Only a few weeks ago, NYU Steinhardt held a partnership event that brought together over 90 educators from different schools, community-based educational settings, other teacher education programs, and a representative from the NYS Board of Regents. We came away with the confirmation of shared challenges and the appreciation of schools for continued support from teacher education programs. The range of success stories and of struggles involving pre-service candidates in teaching, counseling, etc. was quite wide, as expected. Individual schools/sites have expressed interest in working in a variety of ways, depending on what the fall will look like, even if they do not know what the fall will look like. While there were many creative solutions shared by different partners, guaranteed access in all schools to Google Classroom was a challenge, and relied too much on individual efforts. The range of success and struggle had a lot to do with the relationship built with the mentor teachers (i.e., some teachers gave students time and access outside of the formal time while others did or could not) and decisions by administrators on the inclusion of the student teachers. Even after the end of our academic year, some of our pre-service candidates are continuing to work with their partner schools, their students, and the families of those students.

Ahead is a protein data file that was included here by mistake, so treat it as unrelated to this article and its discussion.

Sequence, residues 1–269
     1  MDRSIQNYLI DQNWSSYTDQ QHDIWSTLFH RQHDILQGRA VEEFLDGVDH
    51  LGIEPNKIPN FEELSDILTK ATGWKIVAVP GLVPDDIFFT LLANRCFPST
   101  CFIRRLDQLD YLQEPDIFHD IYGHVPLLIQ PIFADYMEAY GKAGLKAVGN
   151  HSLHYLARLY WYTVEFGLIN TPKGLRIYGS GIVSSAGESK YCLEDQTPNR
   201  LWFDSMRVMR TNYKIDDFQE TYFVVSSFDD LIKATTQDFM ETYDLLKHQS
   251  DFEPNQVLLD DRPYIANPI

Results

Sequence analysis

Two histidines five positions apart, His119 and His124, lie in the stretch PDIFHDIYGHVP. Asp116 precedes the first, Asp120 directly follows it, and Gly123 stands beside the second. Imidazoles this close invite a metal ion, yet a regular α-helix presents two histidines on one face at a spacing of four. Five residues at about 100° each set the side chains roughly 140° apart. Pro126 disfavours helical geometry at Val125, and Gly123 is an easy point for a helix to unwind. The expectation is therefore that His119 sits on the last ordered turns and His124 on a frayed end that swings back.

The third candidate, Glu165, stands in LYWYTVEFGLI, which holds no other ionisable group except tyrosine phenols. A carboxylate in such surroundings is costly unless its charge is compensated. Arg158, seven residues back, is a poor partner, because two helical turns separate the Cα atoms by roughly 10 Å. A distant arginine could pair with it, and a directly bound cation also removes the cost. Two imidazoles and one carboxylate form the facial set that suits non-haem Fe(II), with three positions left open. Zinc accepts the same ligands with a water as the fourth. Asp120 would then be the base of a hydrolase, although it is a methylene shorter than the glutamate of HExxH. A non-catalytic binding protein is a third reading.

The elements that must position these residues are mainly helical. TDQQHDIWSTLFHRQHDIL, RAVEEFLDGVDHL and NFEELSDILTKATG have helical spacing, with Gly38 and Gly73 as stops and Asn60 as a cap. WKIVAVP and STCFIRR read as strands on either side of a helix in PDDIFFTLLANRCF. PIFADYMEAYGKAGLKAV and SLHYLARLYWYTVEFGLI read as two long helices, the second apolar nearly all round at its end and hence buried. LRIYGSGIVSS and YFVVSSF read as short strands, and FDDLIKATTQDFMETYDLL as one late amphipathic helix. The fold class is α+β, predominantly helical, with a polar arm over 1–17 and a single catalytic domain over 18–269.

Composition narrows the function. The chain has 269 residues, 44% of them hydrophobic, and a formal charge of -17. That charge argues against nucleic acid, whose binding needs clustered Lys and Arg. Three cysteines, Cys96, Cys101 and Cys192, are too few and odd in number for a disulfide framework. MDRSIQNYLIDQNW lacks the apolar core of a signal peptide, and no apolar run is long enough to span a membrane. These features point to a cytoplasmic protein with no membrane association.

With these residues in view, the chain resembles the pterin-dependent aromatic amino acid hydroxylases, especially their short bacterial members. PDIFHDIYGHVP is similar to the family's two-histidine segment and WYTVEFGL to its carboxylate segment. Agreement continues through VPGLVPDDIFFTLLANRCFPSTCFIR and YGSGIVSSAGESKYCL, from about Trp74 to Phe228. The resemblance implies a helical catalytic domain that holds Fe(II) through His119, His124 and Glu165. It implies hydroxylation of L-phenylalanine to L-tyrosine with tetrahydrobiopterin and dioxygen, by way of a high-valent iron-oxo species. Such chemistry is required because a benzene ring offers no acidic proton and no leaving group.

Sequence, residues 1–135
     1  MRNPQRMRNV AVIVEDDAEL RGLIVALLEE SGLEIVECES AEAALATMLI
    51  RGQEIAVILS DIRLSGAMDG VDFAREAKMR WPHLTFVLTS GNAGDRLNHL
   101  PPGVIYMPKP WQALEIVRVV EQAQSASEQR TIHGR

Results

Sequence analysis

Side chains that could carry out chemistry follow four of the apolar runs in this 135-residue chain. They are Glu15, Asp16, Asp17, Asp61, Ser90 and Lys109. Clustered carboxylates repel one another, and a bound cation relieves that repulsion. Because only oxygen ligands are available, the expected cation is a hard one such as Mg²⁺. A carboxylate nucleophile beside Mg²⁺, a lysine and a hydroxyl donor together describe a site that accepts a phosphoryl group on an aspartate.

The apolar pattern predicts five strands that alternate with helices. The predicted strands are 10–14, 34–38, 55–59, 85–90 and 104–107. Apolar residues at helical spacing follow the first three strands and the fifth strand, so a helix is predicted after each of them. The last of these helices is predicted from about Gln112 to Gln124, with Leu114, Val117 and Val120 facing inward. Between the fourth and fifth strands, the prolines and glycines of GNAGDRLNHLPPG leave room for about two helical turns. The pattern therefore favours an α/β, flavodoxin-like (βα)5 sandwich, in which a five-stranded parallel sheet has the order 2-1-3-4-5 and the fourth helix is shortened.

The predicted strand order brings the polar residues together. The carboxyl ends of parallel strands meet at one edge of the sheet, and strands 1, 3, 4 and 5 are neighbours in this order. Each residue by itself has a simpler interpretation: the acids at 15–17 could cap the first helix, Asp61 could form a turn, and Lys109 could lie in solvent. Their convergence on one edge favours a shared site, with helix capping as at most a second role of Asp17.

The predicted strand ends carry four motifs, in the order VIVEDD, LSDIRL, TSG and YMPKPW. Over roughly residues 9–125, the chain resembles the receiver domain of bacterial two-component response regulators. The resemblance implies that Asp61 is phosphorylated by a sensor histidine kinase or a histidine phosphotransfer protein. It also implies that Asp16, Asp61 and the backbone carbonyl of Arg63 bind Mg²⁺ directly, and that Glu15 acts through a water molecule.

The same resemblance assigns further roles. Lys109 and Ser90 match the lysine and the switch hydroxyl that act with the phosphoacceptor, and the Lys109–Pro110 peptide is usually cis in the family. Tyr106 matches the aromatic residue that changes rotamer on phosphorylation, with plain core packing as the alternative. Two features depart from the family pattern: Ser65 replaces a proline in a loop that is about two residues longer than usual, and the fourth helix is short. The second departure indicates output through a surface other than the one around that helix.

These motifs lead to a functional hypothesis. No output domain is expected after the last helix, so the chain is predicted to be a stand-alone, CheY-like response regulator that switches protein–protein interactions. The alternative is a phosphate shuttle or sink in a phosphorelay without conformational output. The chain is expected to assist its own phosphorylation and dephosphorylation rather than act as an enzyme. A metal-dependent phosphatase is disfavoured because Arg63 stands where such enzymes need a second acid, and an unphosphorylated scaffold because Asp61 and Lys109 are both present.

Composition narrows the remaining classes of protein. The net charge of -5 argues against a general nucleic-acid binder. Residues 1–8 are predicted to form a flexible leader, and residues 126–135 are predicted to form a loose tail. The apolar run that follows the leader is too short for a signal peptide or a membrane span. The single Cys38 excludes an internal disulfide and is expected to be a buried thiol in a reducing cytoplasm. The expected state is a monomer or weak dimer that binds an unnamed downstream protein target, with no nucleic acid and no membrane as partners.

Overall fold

While we remain dedicated to ensuring that our program will comply with State requirements, our current priority is to explore how we can support the learning of school populations, especially within the DOE system. Whether schools return to in-person instruction, opt for distance learning, or choose a hybrid of the two, we wish to collaborate with and support the NYCDOE. We are prepared to ask schools how cohorts of NYU student teachers could support their needs in and out of classrooms, rather than start from the student teacher/mentor teacher ratio. In other words, what can we do to support their efforts to ensure greater equity in access to distance learning rather than how many student teachers can you host? To achieve any of this, there are organizational needs to address - such as teacher-level access to Google Classroom - to ensure best access, and to avoid university candidates satisfying only clerical needs.